Insecticide resistance mechanisms in Aedes aegypti (L.) from Merida, Yucatan, Mexico, related with two dengue transmission seasons

Tuesday, November 12, 2013
Exhibit Hall 4 (Austin Convention Center)
Gabriela González , Laboratorio de Entomología Médica. Universidad Autónoma de Nuevo León, San Nicolas de los Garza, Nuevo León, Mexico
Gustavo Ponce , Departamento de Zoologia de Invertebrados, Universidad Autonoma de Nuevo Leon, Facultad de Ciencias Biologicas, San Nicolas de los Garza, Mexico
Susana Favela , Departamento de Ecologia, Universidad Autonoma de Nuevo Leon, Facultad de Ciencias Biologicas, San Nicolas de los Garza, Mexico
Adriana Flores , Departamento de Zoologia de Invertebrados, Universidad Autonoma de Nuevo Leon, San Nicolas de los Garza, Mexico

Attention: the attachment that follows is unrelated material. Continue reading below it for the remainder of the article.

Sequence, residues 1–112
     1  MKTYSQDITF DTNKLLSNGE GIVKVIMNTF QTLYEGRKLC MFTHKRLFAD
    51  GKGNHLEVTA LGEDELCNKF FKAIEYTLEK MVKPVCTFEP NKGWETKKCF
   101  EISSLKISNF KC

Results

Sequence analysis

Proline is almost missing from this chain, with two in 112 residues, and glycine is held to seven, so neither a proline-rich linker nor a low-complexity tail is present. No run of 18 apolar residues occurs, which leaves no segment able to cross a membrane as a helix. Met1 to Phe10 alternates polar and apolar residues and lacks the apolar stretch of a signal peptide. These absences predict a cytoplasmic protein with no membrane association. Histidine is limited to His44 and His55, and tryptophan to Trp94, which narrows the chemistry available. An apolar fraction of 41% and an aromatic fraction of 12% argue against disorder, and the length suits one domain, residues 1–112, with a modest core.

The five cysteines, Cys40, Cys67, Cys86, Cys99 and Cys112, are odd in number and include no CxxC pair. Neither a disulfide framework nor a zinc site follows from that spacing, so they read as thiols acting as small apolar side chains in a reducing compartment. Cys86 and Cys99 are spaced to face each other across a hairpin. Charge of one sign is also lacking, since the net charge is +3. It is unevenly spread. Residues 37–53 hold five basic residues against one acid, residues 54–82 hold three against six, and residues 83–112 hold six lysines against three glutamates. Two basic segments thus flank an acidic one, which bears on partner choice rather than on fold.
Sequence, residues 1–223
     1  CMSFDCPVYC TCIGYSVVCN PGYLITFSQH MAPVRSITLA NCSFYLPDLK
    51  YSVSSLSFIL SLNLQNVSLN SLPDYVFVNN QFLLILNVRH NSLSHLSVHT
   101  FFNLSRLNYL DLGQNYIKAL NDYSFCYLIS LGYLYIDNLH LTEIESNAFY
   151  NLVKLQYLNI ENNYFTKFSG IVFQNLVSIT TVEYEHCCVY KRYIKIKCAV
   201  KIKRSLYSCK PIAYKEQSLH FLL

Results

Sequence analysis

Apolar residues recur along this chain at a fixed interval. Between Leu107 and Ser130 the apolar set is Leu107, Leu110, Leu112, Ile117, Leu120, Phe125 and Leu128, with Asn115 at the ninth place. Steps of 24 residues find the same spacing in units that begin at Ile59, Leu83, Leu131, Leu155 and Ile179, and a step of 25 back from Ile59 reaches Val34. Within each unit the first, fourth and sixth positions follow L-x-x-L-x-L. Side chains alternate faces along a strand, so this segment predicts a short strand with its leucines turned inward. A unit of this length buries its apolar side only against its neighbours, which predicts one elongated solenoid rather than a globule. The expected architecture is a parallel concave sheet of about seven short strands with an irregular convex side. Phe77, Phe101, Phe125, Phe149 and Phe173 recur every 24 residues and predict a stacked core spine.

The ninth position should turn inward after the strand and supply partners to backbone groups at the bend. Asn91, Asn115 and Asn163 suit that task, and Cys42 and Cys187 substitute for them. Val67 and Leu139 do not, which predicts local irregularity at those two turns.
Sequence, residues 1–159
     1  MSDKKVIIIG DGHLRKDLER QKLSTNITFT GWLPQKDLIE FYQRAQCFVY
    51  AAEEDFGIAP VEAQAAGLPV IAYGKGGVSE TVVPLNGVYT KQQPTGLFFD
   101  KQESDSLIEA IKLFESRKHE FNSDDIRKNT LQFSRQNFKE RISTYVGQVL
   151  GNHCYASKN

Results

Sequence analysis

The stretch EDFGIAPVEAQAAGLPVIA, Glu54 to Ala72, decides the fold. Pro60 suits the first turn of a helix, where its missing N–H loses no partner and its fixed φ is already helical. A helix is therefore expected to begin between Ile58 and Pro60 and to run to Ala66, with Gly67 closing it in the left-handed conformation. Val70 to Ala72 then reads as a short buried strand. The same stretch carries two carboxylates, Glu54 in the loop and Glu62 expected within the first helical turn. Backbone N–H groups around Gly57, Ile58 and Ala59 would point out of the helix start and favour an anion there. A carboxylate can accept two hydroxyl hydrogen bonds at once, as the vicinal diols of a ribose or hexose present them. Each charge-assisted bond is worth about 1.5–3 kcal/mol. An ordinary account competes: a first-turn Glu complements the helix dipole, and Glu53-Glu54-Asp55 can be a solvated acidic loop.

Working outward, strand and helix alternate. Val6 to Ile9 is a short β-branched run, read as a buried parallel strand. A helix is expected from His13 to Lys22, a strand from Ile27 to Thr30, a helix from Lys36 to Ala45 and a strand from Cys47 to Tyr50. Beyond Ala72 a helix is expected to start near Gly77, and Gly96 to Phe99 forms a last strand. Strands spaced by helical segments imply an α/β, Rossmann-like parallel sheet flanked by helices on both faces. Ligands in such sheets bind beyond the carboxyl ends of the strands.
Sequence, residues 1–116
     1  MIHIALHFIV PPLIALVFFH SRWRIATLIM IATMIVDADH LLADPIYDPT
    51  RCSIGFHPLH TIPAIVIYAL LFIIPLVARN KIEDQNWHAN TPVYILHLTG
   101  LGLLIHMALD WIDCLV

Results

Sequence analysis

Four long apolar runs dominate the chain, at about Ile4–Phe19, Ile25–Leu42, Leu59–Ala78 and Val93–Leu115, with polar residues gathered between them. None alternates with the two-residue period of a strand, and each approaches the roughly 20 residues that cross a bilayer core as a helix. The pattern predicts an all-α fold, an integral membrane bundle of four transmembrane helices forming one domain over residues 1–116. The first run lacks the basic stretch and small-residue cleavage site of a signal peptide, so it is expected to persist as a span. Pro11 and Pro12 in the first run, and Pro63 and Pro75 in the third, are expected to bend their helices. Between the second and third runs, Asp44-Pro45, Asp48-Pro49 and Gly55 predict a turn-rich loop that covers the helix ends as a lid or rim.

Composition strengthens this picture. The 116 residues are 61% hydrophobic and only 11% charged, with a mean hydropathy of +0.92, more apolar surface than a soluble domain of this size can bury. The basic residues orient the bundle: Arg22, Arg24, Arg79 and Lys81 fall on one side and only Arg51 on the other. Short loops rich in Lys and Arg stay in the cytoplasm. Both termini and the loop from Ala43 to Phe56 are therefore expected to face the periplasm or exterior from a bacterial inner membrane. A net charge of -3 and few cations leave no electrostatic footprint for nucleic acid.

The city of Merida, Yucatan has well-defined annual seasons, rainy and dry, facilitating the development of Aedes aegypti (L), vector of dengue virus. The increase in number of mosquitoes result in extensive use of chemical control over a long period of time against larvae and adult stages, favouring the development of insecticide resistance. We determined the susceptibility of adults of Ae. aegypti to permethrin, deltamethrin, phenothrin, and larvae to temephos. Enzymatic mechanisms of resistance were characterized in Ae. aegypti from Merida, Yucatan, collected in rainy season of 2007 and 2009, and dry season  of 2007, 2008, 2009 and 2010. Larval bioassays were carried out using the WHO (1981) method. Bottle bioassays were done to determinate adult susceptibility (Brogdon and McAllister 1998), calculating: median knockdown concentration (CK50), median lethal concentration (LC50), median knockdown time (TK50) and median lethal time (TL50). Brogdon et. al. (1997a, 1998b) technique was used to determine detoxificative enzymes. Larval populations of Ae. aegypti showed high resistance levels to temephos, in both dry season of 2007 (38X), 2008 (18.4X), 2009 (20X), 2010 (19X) and rainy season of 2007 (18X) and 2009 (19.6X). Adult populations of Ae. aegypti, showed high levels of knockdown resistance to permethrin (dry season 2007-12.5X, 2008-18.3X, 2009-19.6X y 2010-30.4X, rainy season 2007-20.2X y 2009-20.8X) and phenothrin (dry season 2007-37.5X, 2008-182.2X, 2009-173.6X y 2010-178.4X, rainy season  2007-43.9X y 2009-180.1X). All populations showed high post-recovery resistance to permethrin (dry season 2007-25X, 2008-30X, 2009-30.8X, 2010-44X, rainy season 2007-31X y 2009-31.4X) and phenothrin (dry season 2007-41X, 2008-158X, 2009-220X y 2010-229X, rainy season 2007-50X y 2009-226X). Populations showed levels of knock-down resistance to deltamethrin high to moderate (dry season 2007-21.6X, 2008-8.2X, 2009-12X, 2010-9.7X, rainy season 2007-10.2X, 2009-10.2X). The same with post-recovery resistance (dry season 2007-33X, 2008-8X, 2009-9.5X, 2010-8.5X, and rainy season 2007 9.5X, 2009-9X. Knock-down and post-recovery resistance levels exhibited by Ae. aegypti adult populations corresponding to rainy season were significantly different from  dry season. α-esterases enzymes were significantly elevated in mosquitoes exposed to permethrin and temephos, α and β-esterases in mosquitoes exposed to deltamethrin, α-esterases and multiple function oxidases in mosquitoes exposed to phenothrin. In examining the association between the LC50 values and over-expressed enzyme levels in surviving populations from one season to another, there were no significant correlation values thereby no fulfilling the criteria proposed to associate an enzyme mechanism with resistance to insecticide. The results suggest that the studied populations have been subject to strong selection pressure in the field, result of continuous application of temephos for over 30 years and permethrin for over 10 years, coupled with the effect of insecticides applied to agricultural and urban pests.
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